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Signs of Opiate Addiction
Opiate addiction can be devastating, for the addicted individual as well as for friends and family. If you suspect that you or a loved one might have become addicted to either prescription or recreational opiates, here are the top five signs of opiate addiction and important questions to ask.
Opiate Addiction Cravings
Opiates are highly powerful narcotics, including "heroin, morphine, codeine, Oxycontin, Dilaudid, methadone, and others" (NLM). Depending on the particular drug being abused, a person could become addicted very quickly. Cravings will begin to set in once the individual is addicted. Ask yourself these questions about cravings:
- Do I look forward to taking drugs?
- Do I think about drugs even when I'm not taking them?
- Are there physical or emotional signs that I exhibit when I am not able to take drugs right away?
When the body is introduced to opiates, it begins to crave them, and the person will continue to take drugs. Soon, though, he or she will build up a tolerance to opiates, which will lead to larger and larger doses being injected, consumed, or inhaled. Ask yourself these questions about tolerance:
- Am I taking larger doses of the drug than I used to?
- Does it take more of the drug in order for me to feel the effects?
Tolerance leads to dependency and, according to the DOI, "both physical and psychological dependence on opiates are known to be high." A person who has become dependent on opiates feels like he or she cannot get through a certain period of time without another dose. Ask yourself these questions about dependence:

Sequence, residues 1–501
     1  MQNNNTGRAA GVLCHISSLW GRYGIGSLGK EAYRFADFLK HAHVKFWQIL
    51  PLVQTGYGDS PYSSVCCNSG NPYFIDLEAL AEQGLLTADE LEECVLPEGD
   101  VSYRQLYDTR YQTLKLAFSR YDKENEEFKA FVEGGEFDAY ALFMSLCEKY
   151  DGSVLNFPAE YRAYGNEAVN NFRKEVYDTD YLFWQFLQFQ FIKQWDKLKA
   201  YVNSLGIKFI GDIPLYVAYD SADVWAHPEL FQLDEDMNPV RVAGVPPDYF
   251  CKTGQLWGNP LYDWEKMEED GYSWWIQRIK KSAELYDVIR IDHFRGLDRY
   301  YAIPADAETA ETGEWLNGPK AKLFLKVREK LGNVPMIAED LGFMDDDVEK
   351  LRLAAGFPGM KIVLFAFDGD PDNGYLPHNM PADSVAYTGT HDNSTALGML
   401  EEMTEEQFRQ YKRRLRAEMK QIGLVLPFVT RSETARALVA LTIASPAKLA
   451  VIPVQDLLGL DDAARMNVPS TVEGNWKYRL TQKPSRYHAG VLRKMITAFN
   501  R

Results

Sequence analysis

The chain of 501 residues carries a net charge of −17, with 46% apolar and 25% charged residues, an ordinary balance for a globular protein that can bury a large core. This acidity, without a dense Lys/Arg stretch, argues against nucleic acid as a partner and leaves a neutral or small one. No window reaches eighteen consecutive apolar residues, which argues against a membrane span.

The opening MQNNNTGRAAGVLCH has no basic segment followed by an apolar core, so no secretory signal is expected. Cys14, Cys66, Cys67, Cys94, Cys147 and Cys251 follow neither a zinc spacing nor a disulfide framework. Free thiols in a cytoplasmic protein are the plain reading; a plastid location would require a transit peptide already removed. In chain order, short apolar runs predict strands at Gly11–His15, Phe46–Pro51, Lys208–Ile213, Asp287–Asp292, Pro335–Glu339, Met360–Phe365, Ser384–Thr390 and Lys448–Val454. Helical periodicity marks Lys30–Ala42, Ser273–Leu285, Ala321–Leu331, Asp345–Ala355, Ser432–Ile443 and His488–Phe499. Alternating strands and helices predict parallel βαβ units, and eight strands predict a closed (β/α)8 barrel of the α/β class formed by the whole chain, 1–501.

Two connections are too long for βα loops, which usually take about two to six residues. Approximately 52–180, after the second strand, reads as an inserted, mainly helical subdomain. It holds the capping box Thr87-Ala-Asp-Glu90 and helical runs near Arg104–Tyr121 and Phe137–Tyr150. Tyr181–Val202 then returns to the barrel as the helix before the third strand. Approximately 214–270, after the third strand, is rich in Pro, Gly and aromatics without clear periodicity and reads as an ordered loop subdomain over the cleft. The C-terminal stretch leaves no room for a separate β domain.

- Do I need to take drugs to get me through the day?
- Do I depend on drugs to get through something difficult like a hard day at work or a big presentation in school?
- Do I feel like I need drugs rather than just want them?
Addiction Behavioral Changes
Mood swings or other behavioral changes are often strong signs of opiate abuse. Opiates affect the brain's mental processes, and the addiction itself might make the person irritable with others and apathetic toward responsibilities. Ask yourself these questions about behavioral changes:
- Do I treat people in my life differently now, or have I abandoned them for other people who do drugs?
- Do I feel like myself when I'm not doing drugs?
- Do the same things matter to me now that used to matter to me before, or do they matter less?
- Is doing drugs all I care about anymore?
Opiate Withdrawal Symptoms
If you suddenly stop taking opiates after becoming addicted, you will experience withdrawal symptoms. They can be uncomfortable, even painful, and some people experience them without knowing what they are. Withdrawal from opiates causes some flu-like symptoms (runny nose, fever, muscle aches, nausea, vomiting, and diarrhea) which can be confusing. Ask yourself these questions about withdrawal symptoms:
- Have I ever felt sick or flush when I'm not taking drugs?
- Do the discomfort and flu symptoms go away when I start taking them again?
Remember these five signs and your answers to the questions above. If they all seem familiar to your situation, it is likely that you have become addicted to opiates and you should seek treatment 800-839-1663 immediately.